Consider this formula, which should be associated with the *Body*
property of an email report button:

Above, the formula fragment Screen1.Fields.LabelScreen1,Fields,Label returns a text
array, made up of the labels of the fields of
*Screen1*. The formula fragment Screen1.Fields.ValueScreen1,Fields,Value also returns an
array, this time made up of the values of the fields. Using
&, the labels are joined
together with the values, separated by a colon.

The resulting text array, where every element consists of a label, followed by a colon and a value, is converted into a single text string using the TEXTJOIN function. Its first parameter, NEWLINE()NEWLINE(), ensures that the array elements are separated from one another using line breaks.

## Requiring all fields of a form screen to be filled out

The NextScreenAvailable
property of form screens determines if users are allowed to move forward to
the next screen. If a user
should only be allowed to move forward once all fields of a form screen have
been filled out, associate this formula with the *NextScreenAvailable*
property of the form screen:

The ISDEFINED function returns a logical array when its sole parameter is an array. TRUE elements in the array indicate that the corresponding fields have defined values, that is, have been filled out, and FALSE elements indicate that the corresponding fields have not been filled out.

Finally, the AND
function returns TRUE only if all elements of the array are TRUE, otherwise
it returns FALSE. The net effect is that AND returns TRUE only if all fields
of *Screen1* have been filled out, prompting the
*NextScreenAvailable* property to only allow users to proceed once all
fields have defined values.

## Taking special action when all switch fields are toggled "on"

The NextScreen property of a
form screen determines the screen the user is presented with when they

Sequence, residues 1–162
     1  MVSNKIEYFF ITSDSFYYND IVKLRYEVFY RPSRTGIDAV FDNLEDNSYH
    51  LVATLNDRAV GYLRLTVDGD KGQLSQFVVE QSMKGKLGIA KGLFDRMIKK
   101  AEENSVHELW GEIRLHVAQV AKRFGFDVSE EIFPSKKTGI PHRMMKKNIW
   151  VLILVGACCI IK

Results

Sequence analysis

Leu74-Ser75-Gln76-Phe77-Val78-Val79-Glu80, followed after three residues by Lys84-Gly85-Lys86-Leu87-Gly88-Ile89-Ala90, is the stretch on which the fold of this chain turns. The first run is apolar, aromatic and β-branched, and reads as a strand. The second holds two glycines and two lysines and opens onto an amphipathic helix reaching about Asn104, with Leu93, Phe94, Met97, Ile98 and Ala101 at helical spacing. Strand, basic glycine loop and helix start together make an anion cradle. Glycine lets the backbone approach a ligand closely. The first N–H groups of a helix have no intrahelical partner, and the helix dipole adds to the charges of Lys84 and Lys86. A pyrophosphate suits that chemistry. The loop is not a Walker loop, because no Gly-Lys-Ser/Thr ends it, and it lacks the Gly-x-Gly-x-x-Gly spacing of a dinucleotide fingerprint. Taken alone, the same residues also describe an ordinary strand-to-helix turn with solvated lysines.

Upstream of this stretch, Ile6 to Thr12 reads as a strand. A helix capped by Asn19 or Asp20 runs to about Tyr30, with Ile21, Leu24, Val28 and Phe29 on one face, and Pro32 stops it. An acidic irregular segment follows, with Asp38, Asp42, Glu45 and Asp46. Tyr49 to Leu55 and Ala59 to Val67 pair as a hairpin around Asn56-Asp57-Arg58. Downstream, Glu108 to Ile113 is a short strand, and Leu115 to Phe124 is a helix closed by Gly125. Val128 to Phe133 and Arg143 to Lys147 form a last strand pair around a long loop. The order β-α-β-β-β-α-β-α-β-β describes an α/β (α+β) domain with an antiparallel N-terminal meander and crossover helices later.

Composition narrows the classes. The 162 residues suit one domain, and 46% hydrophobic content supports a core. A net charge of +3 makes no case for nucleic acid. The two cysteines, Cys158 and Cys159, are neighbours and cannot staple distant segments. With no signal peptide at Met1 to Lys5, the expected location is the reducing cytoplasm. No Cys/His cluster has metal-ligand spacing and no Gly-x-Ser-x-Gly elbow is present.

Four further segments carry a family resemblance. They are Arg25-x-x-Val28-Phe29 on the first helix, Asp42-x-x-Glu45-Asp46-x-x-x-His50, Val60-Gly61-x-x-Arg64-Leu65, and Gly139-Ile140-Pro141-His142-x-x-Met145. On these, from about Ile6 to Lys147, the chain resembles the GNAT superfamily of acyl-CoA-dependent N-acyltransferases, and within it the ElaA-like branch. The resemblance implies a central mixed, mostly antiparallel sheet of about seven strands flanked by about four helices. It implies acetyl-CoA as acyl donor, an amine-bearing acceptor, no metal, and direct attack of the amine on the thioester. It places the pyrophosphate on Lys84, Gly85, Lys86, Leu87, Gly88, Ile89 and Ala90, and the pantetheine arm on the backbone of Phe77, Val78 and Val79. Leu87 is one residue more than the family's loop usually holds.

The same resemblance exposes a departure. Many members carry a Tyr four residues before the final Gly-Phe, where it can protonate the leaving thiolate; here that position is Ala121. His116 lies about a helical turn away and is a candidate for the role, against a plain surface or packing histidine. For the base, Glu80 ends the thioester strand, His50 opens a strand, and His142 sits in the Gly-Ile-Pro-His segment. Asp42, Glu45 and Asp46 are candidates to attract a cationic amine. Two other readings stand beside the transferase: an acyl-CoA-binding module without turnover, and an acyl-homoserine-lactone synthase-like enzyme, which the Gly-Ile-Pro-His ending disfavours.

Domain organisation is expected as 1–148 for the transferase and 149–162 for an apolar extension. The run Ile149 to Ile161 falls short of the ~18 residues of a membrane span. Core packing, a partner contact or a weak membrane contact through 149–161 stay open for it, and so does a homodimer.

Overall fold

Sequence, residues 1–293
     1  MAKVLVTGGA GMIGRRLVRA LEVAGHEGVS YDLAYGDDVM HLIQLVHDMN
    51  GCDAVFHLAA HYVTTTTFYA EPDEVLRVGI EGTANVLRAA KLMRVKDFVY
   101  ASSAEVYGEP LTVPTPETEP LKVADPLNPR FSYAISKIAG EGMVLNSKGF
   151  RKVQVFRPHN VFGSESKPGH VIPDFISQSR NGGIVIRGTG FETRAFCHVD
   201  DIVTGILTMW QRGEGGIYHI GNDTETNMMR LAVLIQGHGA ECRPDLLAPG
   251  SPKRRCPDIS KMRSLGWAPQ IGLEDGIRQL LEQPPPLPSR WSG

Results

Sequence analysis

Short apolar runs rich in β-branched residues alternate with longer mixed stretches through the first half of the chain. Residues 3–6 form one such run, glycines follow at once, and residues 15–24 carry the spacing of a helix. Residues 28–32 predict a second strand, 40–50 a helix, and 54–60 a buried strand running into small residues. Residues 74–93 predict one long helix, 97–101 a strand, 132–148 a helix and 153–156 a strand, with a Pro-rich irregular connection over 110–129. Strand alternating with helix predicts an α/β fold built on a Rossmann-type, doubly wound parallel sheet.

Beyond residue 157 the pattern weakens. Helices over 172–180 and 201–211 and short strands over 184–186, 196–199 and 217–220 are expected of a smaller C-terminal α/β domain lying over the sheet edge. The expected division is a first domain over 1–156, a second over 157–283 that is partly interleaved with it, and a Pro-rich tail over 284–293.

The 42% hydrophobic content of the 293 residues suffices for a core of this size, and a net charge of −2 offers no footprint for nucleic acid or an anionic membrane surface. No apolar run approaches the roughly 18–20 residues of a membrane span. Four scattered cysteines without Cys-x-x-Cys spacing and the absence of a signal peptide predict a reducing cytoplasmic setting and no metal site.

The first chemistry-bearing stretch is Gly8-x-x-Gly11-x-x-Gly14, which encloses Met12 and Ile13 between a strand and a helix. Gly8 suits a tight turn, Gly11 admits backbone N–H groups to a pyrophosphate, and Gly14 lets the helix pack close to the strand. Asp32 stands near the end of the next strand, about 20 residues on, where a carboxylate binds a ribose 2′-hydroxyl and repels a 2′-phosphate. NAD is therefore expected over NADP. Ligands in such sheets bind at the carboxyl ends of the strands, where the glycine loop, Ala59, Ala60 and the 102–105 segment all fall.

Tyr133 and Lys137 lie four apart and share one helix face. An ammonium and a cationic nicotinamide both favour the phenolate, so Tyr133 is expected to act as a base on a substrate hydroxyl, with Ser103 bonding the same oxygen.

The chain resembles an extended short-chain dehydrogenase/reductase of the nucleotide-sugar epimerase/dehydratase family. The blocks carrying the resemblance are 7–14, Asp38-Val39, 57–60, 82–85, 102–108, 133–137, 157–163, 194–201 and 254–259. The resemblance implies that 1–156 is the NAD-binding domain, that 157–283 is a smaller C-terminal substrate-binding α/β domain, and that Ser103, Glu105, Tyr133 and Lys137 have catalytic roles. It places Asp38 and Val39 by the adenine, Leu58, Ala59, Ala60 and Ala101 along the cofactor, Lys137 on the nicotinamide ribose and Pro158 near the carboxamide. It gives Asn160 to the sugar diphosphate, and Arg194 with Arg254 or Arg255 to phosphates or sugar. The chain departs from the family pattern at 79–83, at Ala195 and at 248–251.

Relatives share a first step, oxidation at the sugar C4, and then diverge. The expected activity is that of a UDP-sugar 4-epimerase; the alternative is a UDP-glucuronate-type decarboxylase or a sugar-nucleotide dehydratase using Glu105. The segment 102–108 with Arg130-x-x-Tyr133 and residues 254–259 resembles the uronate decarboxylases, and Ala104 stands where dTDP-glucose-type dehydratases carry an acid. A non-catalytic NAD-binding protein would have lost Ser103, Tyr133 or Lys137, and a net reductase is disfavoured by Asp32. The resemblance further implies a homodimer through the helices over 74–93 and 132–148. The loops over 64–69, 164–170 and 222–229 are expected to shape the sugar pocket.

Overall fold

attempt to move on to the next screen. If a warning screen should be shown,
instead of the regular next screen, when all switch fields of
*Screen1* have been toggled to their "on" positions, associate this
formula with the *NextScreen* property of the form screen:

The AND function is looking to process logical values, a request that the
switch fields of *FormScreen* satisfy by returning their values. In
other words, this formula is equivalent:

The formula above won't work if there are items in the form screen which use values which are not logical, such as number fields. To solve this issue, you can refer explicitly to switch fields using the SwitchFields property:

When the formulas above are associated with the NextScreen property of a
form screen, the net effect is that the user is brought to
*WarningScreen*, instead of to the regular next screen, but only if
all switch fields have been toggled to their "on" positions.

## Ranges versus this property

If the form screen *Screen1* only consists of the fields
*Field1*, *Field2* and *Field3*, these formulas are
equivalent:

The second formula uses a *range* to create an array consisting of
*Field1*, *Field3* and all items that appear between them,
which in this case is only *Field2*.

The chief advantage of the *Fields* property, compared to a range, is